Liner Klipfontein Sunk Off Mozambique
Line steamship Klipfontein was one of three liners known in their day for personalized Dutch service, luxurious accommodations
and fine cuisine. Ironically, after surviving World War II, the liner sank after striking a sunken German U-boat off the East
African coast on January 8, 1953.
under the command of a Captain Oosterhuis, was steaming from Holland south to Mozambique with 234 passengers and a cargo of
1,000 tons of copper and manganese ore and 100 bales of wool when it struck what was then the uncharted object that sank it.
took three hours to sink, going down by the bow. The seas were calm and six lifeboats were launched. The liner Bloemfontein
Castle, Captain J. H. F. Ferguson, was close at hand and successfully took all of the passengers and crew aboard.
liner was launched on March 4, 1939, even as the first events of World War II were occurring. By 1942 the steamship was taken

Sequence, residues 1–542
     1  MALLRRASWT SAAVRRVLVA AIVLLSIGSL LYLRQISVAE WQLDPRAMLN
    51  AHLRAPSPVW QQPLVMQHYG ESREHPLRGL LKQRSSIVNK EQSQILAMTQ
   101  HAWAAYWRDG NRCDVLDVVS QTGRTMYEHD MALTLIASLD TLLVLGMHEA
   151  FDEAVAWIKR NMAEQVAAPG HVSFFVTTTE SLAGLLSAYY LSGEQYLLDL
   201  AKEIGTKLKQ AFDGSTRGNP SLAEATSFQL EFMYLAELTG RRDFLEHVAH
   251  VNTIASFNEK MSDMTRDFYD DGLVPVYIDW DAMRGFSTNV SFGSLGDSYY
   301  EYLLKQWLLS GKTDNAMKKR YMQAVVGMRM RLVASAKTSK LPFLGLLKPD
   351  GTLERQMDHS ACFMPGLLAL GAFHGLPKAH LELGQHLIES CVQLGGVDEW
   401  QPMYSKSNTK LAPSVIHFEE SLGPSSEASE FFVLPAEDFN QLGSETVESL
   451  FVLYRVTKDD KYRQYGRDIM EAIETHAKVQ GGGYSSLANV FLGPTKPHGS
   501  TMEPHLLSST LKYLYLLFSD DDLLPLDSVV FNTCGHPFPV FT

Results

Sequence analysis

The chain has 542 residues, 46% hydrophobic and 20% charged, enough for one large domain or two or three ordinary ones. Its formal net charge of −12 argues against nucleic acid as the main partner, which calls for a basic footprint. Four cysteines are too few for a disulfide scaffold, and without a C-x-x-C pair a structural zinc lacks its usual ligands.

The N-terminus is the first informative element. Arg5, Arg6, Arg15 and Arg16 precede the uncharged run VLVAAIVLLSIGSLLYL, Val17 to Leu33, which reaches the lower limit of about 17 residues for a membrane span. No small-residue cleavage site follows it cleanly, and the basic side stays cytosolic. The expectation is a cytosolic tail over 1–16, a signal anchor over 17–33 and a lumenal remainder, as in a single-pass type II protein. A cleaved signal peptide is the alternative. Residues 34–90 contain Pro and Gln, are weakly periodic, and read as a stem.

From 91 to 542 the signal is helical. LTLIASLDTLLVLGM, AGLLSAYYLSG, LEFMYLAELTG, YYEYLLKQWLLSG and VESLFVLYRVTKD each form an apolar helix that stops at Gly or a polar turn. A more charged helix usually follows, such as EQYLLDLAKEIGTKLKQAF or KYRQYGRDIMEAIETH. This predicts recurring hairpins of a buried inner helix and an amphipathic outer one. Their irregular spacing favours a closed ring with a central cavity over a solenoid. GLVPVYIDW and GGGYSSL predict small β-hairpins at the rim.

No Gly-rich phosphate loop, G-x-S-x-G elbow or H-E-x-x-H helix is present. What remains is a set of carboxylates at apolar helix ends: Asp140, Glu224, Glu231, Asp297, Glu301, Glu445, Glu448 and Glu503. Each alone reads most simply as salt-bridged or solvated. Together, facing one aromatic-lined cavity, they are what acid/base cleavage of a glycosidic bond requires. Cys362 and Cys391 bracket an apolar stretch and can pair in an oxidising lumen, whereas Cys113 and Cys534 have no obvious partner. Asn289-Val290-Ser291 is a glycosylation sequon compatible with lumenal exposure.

over by the U. S. War Shipping Administration for use as a troop ship. It survived the war the returned to service on the
Holland-African Line in 1946.
ships in the line were the Oranjefontein and the Jagersfontein. The trio of vessels had four passenger decks, had accommodations
for 100 first class and 60 tourist class passengers. All first class lounges and swimming pools were located on the promenade
deck. There was spacious cargo space with four holds, two forward and two